Grotta Perciata, which means ‚Äúperforated‚ÄĚ, takes its name from the spur of rock above it that has a hole probably originated from a combination of¬† karst events and wind erosion. It opens to the west on the Castelluzzo plain ¬†in front of Mount Cofano. The cave is also referred by the name ‚ÄúGreat Cave‚ÄĚ of Macari by Raymond Vaufrey, French archaeologist who, at the beginning of the twentieth century, identifies a number of Palaeolithic sites in Sicily. The vault has a height of 15 m above the current ¬†ground level and a width of 20 m. The cavity has a maximum depth of 35 m and is located at a height of 65 m above sea level. Below the entrance a wide talus reaches the plain below. To the south, you can see a conoid of big stones produced by a huge landslip dropped from the top split between the easternmost spurs of friable rock of the massif. The leveling and terracing with stone walls in the area in front of the cave by shepherds do not permit to ¬†fully appreciate the collapse of the outer part of the vault that a few thousand years ago, was much more projecting as we see it today. The large plates and stones inside the cave make us understand it is not well established yet.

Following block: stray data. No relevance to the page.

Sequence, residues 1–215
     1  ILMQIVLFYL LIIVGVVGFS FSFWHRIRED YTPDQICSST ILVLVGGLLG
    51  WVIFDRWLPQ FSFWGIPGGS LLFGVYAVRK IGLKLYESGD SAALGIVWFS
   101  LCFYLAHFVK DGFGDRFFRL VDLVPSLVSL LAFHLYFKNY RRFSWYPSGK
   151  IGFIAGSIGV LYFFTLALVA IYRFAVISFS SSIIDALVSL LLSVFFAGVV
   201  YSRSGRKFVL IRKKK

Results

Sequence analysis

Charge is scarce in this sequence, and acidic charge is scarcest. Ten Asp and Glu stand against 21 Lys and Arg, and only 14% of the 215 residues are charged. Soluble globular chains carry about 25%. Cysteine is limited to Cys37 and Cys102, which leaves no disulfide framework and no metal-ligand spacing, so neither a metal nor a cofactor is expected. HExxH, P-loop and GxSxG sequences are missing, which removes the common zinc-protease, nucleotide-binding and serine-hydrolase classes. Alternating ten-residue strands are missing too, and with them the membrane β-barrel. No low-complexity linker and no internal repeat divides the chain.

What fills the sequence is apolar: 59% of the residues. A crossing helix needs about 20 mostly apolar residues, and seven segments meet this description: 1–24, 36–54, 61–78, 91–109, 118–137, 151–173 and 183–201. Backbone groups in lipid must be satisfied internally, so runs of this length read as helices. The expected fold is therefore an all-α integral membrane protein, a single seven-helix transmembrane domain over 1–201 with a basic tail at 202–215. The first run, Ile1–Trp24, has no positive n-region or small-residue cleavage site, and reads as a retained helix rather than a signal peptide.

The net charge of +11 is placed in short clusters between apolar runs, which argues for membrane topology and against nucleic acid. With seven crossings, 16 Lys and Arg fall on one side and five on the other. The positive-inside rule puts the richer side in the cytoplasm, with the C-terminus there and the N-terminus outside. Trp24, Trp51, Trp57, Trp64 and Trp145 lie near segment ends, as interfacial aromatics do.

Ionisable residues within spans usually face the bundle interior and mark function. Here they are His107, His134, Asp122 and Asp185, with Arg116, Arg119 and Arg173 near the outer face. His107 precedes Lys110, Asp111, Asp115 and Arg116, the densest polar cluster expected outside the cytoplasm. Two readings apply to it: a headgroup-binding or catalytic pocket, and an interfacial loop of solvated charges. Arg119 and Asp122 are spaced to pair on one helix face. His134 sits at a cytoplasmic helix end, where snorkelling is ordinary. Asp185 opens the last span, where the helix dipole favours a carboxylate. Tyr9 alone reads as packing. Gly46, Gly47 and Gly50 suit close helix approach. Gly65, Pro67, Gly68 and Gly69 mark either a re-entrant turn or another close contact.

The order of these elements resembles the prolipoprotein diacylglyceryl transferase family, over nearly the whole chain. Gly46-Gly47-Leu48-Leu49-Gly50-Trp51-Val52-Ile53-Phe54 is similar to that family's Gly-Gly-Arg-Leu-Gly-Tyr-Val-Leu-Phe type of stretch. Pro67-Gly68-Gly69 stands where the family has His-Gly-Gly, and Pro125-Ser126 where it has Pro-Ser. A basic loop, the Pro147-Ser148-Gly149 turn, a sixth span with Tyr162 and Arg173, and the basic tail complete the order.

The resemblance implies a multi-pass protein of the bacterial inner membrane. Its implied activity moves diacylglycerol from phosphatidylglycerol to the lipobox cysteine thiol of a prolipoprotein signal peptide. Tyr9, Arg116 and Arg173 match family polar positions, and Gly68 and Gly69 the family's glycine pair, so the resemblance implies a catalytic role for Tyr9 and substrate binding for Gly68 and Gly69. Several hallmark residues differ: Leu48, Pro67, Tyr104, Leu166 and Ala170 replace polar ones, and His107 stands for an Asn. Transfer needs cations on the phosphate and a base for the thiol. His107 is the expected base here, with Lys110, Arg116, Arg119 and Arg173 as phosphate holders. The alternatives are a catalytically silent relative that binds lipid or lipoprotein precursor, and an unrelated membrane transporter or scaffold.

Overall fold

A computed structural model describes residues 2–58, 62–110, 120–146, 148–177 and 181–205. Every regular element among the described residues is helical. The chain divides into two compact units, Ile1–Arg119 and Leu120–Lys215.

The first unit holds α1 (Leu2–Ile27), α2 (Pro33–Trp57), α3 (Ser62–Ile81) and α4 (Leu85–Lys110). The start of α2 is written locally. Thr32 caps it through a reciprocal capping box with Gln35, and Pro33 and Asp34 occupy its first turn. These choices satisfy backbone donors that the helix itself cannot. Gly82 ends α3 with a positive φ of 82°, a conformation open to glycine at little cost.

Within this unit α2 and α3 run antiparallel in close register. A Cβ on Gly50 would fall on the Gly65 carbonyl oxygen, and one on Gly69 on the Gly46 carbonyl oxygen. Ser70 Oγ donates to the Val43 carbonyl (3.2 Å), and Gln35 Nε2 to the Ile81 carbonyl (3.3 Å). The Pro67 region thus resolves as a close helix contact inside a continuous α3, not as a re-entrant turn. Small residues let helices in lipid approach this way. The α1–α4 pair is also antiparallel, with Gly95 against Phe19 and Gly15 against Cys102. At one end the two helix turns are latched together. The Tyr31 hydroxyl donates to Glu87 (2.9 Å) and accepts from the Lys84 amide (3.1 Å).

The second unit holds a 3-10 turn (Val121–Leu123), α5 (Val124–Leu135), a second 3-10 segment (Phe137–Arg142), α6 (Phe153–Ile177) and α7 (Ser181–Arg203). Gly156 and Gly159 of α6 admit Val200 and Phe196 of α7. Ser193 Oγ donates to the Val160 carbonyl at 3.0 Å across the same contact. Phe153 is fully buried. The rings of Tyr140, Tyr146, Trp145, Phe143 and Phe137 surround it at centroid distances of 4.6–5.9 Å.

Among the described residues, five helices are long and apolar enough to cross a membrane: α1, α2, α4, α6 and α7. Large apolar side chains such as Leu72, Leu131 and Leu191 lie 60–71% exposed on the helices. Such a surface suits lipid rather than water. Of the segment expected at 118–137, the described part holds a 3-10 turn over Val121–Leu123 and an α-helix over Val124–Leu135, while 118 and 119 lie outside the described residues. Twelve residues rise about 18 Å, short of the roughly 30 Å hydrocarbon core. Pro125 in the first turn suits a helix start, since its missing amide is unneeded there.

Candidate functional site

The simple exploration of the talus below the cave allows us to understand how long the area has been frequented. The numerous stone tools made ‚Äč‚Äčof flint that are found scattered,are essentially related to types widespread during the end of the Upper Paleolithic (backed points in the first place). The neolithic presence, witnessed by ceramic fragments with etched surfaces, seems less documented.
On the contrary, there are abundant remains of greek ceramic vases ( black painted ), of roman age ( amphorae e ceramic fragments ) and medieval ( both of islamic and norman tradition ).
In collaboration with the Superintendence for Archaeological Heritage of Trapani and University of Bologna.